Bad news about news

What does this poll mean? There are so many obvious things wrong with the fact that 49% of respondents claim to trust Fox News (more than any other TV news source), not the least of which is its untrustworthiness. But this just validates what Fox is doing beyond its profit making business. Nothing will stop them because people trust it. I don’t know what to say other than that.

The most encouraging thing about this is that the majority of Americans don’t actually trust television news. Below is an article I wrote for the late great on the problems of TV and TV news in the US and the UK:

And now for a Word from Durex, the FCC, and the Military Industrial Complex

By Ivan Goddard

I was listening to an American radio program over the internet in January and a discussion came up between the host and guest regarding the writers strike and its effect on television watching.  After discussing the finer points regarding legal matters and unions, the host asked the guest what viewers can do while they wait out the writers strike.  The answer was to watch old TV programs on DVD.  Personally I found that absolutely ludicrous and maybe even diseased in a way.  The right answer to me was “read” or “play board games with your family” or “go to the YMCA for a game of basketball” or “do what people did before TV” or even “listen to the radio”.

I had a similar reaction a few years ago when the news was all about the FCC fining TV stations for showing objectionable material during family viewing hours.  Those people that supported the fines claimed that they were protecting their children from immorality.  Yet no one ever questioned the morality of watching TV with your kids in the first place.  The questions were about censorship and personal freedom or offensive images and language.  Watching TV was just a matter-of-fact part of modern life.  Perhaps someone did talk about this issue but they talked about it on TV and I didn’t see it because I don’t watch TV.  (An interesting twist to this is that social conservatives who probably support the stricter standards of the FCC also likely support abstinence programs to combat STDs and unwanted pregnancies rather than promoting the use of condoms.  They might also support stricter border control and the deportation of illegal aliens rather than amnesty.  Isn’t the FCC kind of like a condom?  Isn’t the FCC granting amnesty to televisuals?  Why does abstinence as a solution to a problem not carry over into other areas?)

I say that I don’t watch TV rather than that I don’t have a TV.  It’s hard to believe how difficult it is not to own a TV.  This is especially the case in the UK where most flats are rented with furnishings.  Included in those furnishings are usually cheap furniture and appliances, which almost always means that a TV will be set up in the living room.  So we have a TV, but I unplugged it from the antenna to keep myself from the temptation of watching the many travel-cooking shows or quiz shows or fake quiz shows (which is a surprisingly popular genre that I was unaware of before I moved here) or Big Brother, a completely depressing show that is so unbelievably popular that on a recent Celebrity Big Brother, more than one of the “celebrities” became celebrities in the first place by being on non-celebrity Big Brother.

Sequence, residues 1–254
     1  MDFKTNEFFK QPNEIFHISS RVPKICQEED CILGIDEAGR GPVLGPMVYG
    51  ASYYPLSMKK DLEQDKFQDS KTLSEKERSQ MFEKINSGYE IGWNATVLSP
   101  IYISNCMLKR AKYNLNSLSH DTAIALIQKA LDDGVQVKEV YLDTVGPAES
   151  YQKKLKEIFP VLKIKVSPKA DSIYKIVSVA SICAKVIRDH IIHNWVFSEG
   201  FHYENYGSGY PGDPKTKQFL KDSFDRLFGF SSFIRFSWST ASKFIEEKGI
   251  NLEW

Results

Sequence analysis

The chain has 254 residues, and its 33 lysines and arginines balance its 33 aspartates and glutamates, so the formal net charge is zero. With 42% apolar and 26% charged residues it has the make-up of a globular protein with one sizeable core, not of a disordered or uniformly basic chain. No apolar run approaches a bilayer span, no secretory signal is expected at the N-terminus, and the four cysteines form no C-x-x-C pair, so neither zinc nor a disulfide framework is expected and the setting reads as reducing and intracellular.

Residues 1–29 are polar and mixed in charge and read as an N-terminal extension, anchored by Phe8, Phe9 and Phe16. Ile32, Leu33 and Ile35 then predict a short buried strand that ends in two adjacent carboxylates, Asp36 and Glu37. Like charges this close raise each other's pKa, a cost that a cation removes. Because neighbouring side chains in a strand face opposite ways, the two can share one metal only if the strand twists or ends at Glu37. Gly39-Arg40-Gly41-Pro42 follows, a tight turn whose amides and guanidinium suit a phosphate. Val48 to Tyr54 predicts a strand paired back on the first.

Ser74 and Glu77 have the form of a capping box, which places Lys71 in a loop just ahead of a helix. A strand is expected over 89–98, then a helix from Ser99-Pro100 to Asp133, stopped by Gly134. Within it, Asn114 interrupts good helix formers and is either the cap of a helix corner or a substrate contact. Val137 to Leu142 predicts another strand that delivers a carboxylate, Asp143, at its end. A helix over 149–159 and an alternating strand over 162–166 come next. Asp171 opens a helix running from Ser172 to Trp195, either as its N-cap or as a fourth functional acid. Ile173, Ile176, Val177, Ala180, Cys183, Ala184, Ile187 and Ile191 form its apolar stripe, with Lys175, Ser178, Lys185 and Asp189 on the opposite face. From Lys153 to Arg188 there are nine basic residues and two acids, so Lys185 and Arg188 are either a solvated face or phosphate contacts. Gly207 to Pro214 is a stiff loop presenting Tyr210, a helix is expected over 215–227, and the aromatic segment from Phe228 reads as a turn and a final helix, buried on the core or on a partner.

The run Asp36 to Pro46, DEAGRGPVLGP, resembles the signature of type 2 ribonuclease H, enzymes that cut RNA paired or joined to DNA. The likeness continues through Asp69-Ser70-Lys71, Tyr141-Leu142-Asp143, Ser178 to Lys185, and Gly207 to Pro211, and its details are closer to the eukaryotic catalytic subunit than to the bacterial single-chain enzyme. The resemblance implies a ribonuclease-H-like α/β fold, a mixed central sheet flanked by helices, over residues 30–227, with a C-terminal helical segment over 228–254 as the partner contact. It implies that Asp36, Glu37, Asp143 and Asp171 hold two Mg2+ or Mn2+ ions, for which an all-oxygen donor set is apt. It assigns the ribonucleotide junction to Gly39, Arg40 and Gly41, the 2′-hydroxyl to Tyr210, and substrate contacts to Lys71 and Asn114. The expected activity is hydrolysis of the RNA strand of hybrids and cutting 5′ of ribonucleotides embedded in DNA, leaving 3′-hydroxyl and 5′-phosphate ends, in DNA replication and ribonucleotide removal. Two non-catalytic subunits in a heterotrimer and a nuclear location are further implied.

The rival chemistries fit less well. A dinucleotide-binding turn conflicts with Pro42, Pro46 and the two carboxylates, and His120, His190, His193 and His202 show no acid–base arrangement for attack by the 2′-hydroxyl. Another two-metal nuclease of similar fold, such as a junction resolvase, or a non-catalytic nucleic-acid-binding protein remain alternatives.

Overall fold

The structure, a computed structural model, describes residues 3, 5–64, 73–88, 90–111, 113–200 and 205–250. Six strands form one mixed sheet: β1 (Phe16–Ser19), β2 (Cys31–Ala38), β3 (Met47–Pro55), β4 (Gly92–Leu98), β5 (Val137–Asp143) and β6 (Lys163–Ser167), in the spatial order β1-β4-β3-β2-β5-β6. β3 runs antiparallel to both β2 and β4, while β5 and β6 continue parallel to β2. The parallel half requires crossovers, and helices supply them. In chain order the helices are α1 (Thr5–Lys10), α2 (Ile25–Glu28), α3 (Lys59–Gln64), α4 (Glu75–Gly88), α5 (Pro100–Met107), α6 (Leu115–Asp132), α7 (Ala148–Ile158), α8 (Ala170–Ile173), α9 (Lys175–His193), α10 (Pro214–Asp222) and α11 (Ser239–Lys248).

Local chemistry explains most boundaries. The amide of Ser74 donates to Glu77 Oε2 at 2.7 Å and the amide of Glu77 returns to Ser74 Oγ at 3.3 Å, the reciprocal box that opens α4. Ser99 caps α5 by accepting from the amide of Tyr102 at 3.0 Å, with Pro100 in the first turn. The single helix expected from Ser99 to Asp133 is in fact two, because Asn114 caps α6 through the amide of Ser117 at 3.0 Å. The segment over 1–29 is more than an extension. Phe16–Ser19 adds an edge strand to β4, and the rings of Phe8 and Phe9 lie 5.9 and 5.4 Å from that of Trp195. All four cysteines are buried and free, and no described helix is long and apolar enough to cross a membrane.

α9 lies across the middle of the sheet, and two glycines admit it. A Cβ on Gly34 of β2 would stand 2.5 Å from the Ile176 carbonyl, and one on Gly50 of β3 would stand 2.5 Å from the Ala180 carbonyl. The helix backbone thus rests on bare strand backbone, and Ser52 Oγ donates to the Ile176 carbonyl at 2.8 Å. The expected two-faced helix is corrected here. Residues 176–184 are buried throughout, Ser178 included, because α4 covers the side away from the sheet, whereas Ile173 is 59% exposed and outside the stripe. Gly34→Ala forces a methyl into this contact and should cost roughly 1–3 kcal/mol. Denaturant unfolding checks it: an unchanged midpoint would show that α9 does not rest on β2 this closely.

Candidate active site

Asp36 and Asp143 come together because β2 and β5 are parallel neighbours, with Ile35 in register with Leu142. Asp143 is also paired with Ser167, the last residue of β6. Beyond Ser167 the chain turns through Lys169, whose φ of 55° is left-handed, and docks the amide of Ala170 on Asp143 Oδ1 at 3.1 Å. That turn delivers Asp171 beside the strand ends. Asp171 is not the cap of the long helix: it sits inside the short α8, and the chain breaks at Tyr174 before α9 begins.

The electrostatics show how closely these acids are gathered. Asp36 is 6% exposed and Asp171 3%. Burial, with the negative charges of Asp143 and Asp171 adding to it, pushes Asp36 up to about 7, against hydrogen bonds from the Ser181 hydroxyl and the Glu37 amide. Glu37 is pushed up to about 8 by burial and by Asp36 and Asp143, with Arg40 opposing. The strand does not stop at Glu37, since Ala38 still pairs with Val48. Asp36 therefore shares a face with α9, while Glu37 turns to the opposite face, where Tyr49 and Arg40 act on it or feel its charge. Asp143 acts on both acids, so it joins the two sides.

Anyway, I don’t watch the TV that came with our flat, but I am still tempted on rainy lazy nights when my wife is out to see what lovely brilliance the British have cooked up for us recently.  So I have disconnected the TV from the antenna and stored the cable in an inconvenient place.  I’ll be clear that I’m not totally opposed to TV watching as a form of winding down.  I went through the trouble of making the television difficult to use because I’m afraid of the TV police, or as I like to call them, the Boob-Tube Bobbies.  These “enforcement officers” perform stakeouts outside of people’s homes in television “detector vans”.  Of course this raises the question of why anyone might need to detect my television in the first place.  And the answer is that they want to make sure I am not watching television without a TV license.

The idea of a television watching license was a foreign concept to me before I moved to Britain but it is actually quite simple and, in a way, makes more sense than the broadcast models in North America.  In the UK, one pays the TV stations, through the licensing agency, to watch their programming.  In the US and Canada, the advertisers pay the stations to let the viewer watch.  There is advertising on TV here, but not as much and it doesn’t generally interrupt the flow of the show.  So a 30 minute show is actually a 30 minute show rather than a 22 minute show with commercial breaks.